Motorcycle Accident

From 2010 to 2012, fatal motorcycle accidents, according to the National Highway Traffic Safety Administration (NHTSA) were 4,502, 4,612; and, 4,957 respectively. In the event of an accident, whether single or multiple vehicle accident, a motorcycle rider is always vulnerable to serious or fatal injuries due to the lack of protection which would cushion him or her from the force of impact.

Single vehicle accidents refer to crashes that involve only the motorcycle (that figured in the accident). It may be a motorcyclist crashing on the pavement (due usually to uneven road surface, potholes, or roads made slippery by ice, sand or oil) or into a solid fixture (such as a lamp post, a telephone pole or booth, or a concrete support structure). Multiple vehicle accidents, on the other hand, involve other vehicles, most often cars.

While it is easy to assume that a motorcycle accident, especially if no other vehicle is involved, could only be the fault of the rider, who may be riding too fast for road conditions or from allowing him or her to make timely reaction, especially when entering a corner, this is not always the case. In many more occasions, motorcycle accidents happen because of someone else’s act of negligence. This is especially true in multiple vehicle accidents, wherein drivers of other vehicles are usually the ones at fault – verified true through a study conducted by the NHTSA.

From this NHTSA study, it appeared that many drivers are guilty of denying motorcyclists their right of way; many also fail to check possible approaching motorcycles before making a turn or when entering an intersection (while attempting to run or beat a red light).

In 2012, there were about 9 million registered motorcycles all across the US (except for light scooters or mopeds, which are low-powered motorized bicycles, all other two-wheeled and three-wheeled powered vehicles need to be registered or licensed, as well as comply with state and federal certification standards, if these are to be used on public roads). Some of these motorcycles were new purchases, while others were old, dusty bikes that have stayed kept in garages for too long until their owners decided to get them on the road again. With regard to the major reason for the increase in the number of bikes on the road, however, majority of the responses were the same: gas price.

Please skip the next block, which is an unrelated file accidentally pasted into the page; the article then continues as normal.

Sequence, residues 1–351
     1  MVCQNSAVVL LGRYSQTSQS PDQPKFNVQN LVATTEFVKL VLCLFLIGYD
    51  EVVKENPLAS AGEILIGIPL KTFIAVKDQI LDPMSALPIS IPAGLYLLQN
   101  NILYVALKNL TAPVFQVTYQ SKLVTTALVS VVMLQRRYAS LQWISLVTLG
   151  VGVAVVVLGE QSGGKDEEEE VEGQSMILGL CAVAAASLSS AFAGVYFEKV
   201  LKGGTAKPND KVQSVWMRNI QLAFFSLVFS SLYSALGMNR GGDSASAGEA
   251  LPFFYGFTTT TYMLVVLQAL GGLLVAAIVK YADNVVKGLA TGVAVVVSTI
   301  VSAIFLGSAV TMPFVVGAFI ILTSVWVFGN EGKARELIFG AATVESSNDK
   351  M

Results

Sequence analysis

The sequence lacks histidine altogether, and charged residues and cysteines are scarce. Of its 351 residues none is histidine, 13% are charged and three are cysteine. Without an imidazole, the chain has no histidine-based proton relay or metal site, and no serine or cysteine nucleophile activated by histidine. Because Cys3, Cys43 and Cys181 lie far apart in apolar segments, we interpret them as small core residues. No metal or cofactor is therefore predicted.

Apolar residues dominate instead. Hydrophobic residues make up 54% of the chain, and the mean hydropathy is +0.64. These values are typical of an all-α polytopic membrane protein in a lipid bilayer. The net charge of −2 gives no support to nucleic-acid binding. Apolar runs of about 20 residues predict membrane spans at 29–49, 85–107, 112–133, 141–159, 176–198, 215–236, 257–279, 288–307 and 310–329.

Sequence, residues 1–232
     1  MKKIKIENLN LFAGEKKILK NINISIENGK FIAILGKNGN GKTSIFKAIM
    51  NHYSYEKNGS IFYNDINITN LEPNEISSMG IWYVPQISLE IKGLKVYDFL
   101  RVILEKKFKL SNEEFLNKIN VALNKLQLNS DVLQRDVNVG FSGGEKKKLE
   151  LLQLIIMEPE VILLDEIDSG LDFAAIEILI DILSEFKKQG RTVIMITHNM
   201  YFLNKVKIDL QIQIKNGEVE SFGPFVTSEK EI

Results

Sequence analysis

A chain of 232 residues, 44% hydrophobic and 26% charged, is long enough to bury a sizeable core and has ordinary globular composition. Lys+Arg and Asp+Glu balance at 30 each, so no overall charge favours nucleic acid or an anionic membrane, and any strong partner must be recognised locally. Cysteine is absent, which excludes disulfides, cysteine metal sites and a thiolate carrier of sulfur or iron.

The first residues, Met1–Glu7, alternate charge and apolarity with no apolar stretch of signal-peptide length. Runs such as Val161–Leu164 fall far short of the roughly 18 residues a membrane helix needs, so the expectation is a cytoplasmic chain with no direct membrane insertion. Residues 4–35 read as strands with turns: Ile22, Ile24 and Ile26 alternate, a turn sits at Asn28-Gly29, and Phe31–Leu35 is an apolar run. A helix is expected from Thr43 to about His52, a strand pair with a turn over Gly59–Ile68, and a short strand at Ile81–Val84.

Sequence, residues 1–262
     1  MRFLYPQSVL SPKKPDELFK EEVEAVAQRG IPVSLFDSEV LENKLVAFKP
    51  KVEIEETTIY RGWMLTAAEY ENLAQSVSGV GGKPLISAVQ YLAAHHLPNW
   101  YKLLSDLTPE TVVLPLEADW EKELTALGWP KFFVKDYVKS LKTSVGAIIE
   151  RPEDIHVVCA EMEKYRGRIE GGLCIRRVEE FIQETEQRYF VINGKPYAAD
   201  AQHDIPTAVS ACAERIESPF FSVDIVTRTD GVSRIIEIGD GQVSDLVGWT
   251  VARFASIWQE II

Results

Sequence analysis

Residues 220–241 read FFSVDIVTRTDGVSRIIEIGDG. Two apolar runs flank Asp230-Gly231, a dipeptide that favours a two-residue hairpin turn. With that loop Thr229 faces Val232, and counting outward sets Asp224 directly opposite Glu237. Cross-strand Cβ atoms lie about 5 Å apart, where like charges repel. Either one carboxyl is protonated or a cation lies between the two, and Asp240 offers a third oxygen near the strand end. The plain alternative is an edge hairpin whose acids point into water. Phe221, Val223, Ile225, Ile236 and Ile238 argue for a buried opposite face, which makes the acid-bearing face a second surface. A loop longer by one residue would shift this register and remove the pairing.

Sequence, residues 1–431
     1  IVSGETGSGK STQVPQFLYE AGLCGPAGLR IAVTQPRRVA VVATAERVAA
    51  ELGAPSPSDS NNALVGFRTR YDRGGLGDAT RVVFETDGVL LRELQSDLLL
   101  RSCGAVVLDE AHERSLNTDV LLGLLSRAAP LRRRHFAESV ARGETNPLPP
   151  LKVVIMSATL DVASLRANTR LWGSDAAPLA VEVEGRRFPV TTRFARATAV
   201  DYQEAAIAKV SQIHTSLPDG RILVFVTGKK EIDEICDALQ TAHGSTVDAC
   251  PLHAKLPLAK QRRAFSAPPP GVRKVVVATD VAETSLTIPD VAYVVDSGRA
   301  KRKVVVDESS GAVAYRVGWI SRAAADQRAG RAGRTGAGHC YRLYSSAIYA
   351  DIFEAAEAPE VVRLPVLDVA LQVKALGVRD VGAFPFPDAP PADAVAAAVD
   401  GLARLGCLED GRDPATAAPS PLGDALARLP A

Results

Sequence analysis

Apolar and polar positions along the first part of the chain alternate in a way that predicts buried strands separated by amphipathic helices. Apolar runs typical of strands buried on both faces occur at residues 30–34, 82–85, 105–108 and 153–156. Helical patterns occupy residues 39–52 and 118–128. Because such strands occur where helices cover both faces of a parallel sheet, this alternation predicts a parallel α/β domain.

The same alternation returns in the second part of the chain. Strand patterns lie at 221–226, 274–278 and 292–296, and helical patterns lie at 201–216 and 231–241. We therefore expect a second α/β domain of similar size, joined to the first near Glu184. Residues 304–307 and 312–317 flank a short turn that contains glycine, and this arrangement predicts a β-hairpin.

Unquestionably much more economical (in terms of expenses on gas) compared to cars, many decide to ride a bike instead to various destinations. Recreational riders have also been a very common weekend sight in many parts of the US. But one most likely consequence of having more motorcycles on the road is increase in the number of those getting involved in an accident.

Professional riders advise all other motorcycle riders to always wear protective gears, especially a DOT helmet standard which may be able to save them from sustaining a severe or fatal head injury during an accident. But while it may be true that protective gears may lessen the force of impact, though at a very minimal percentage, these do not lessen the number of accidents that continue to put motorcyclists’ lives in danger.

As stated on the website of the Abel Law Firm, accidents involving motorcycle riders will always be the fault of someone – could be the rider himself or herself, or someone else who has been negligent in his or her duties. And, if it can be proven that the accident was actually a result of somebody else’s negligent act, then the victim has the legal option to file a lawsuit against the liable party, for the compensation that the court may order to be paid to him/her.

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